B. The 1601 Poor Law Act was the first systematic codification of English ideas about the responsibility of the state to provide for the welfare of its citizens The first national pension program for soldiers was actually passed in early 1776. Revolutionary War figure Thomas Paine set forth one of the first proposals for a general retirement pension in Agrarian Justice published in the winter of 1795. After the Civil War in 1893 the US spent $165 million spent on military pensions and was the largest single expenditure ever made by the federal government. In 1894 military pensions accounted for 37% of the entire federal budget. Although some paternalistic employers had always provided token work or retirement stipends for the elderly one of the first formal company pension plans for industrial workers was introduced in 1882 by the Alfred Dolge Company, a builder of pianos and organs. Dolge withheld 1% of each workers pay and placed it into a pension fund, to which the company added 6% interest each year. In 1928 the International Social Security Association (ISSA) was founded to unite world social security institutions. The objective of ISSA is to cooperate, at the international level, in the promotion and development of social security throughout the world, in order to advance the social and economic conditions of the population on the basis of social justice. The US did not develop a comprehensive national social security program to address the large number of unemployed until the Social Security Act of 1935 [H. R. 7260], originally called the Economic Security Act (ESA), was signed by Franklin D. Roosevelt on 14 August 1935. As America slipped into economic depression following the Crash of 1929, unemployment exceeded 25% and about 10,000 banks failed. The Gross National Product declined from $105 billion in 1929 to only $55 billion in 1932. In the US in 1934 over half of the elderly in America lacked sufficient income to be self-supporting. The first social security identification cards were issued in 1936. Taxes were collected for the first time in January 1937 and the first one-time, lump-sum payments were made that same month. Regular ongoing monthly benefits started in January 1940. Monthly disability insurance benefits were first established by the Social Security Amendments of 1956 [H.R. 7225]. The Social Security Act of 1965 [H.R. 6675] established both Medicare and Medicaid with the signature of President Johnson on 30 July 1965. From 1937 through 2003 the Social Security program has received more than $9.3 trillion in income. From 1937 through 2003 the Social Security program has expended more than $7.9 trillion. The statute promulgated in Chapter 7 of Title 42 of the US Code has subsequently undergone 17 amendments; SSA also codifies their own copy of Social Security Statute.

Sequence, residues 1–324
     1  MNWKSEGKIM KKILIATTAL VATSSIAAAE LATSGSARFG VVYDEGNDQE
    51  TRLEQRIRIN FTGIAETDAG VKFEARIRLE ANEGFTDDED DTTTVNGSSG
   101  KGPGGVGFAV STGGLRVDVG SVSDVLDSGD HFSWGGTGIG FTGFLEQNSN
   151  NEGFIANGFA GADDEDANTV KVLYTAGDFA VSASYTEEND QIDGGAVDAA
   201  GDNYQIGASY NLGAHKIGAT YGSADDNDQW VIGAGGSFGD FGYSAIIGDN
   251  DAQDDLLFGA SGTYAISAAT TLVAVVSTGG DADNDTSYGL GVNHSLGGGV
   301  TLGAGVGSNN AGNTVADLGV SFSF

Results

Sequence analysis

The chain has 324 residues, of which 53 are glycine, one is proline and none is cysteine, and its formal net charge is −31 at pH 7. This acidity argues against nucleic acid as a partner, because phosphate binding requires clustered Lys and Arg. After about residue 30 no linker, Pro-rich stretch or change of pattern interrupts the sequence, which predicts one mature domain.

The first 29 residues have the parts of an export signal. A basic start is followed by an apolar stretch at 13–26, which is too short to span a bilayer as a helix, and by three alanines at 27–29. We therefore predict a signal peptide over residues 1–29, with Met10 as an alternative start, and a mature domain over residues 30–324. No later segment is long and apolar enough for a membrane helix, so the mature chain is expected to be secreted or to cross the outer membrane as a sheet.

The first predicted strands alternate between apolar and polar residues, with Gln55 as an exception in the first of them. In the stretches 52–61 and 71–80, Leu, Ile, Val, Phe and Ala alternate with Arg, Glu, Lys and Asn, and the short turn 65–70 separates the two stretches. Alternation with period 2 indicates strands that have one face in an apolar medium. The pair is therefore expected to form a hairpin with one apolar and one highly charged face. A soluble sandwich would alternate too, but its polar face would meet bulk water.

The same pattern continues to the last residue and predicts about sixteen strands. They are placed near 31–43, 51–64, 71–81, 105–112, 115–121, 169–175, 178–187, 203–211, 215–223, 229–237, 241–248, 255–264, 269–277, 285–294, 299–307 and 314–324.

C. Art. 9 of the International Covenant on Economic, Social and Cultural Rights, 2200A(XXI)(1966) recognizes a right of everyone to social security, including social insurance Each State Party undertakes to take steps, individually and through international assistance and co-operation, especially economic and technical, to the maximum of its available resources, with a view to achieving progressively the full realization of the rights. The right to social security is set forth in Art. 11 of the Declaration on Social Progress and Development 2542 (XXIV) 1969 calls for the provision of comprehensive social security schemes and social welfare services; the establishment and improvement of social security and insurance schemes for all persons who, because of illness, disability or old age, are temporarily or permanently unable to earn a living, with a view to ensuring a proper standard of living for such persons and for their families and dependants; by (a) assuring the right to work and the right of everyone to form trade union and bargain collectively, (b) eliminating hunger and malnutrition, (c) eliminating poverty, (d) upholding the highest standards of health, (e) providing housing for low income people. Art. 22 of the Universal Declaration of Human Rights 217 A (III) (1948) clarifies, Everyone, as a member of society, has the right to social security and is entitled to realization, through national effort and international co-operation and in accordance with the organization and resources of each State, of the economic, social and cultural rights indispensable for his dignity and the free development of his personality.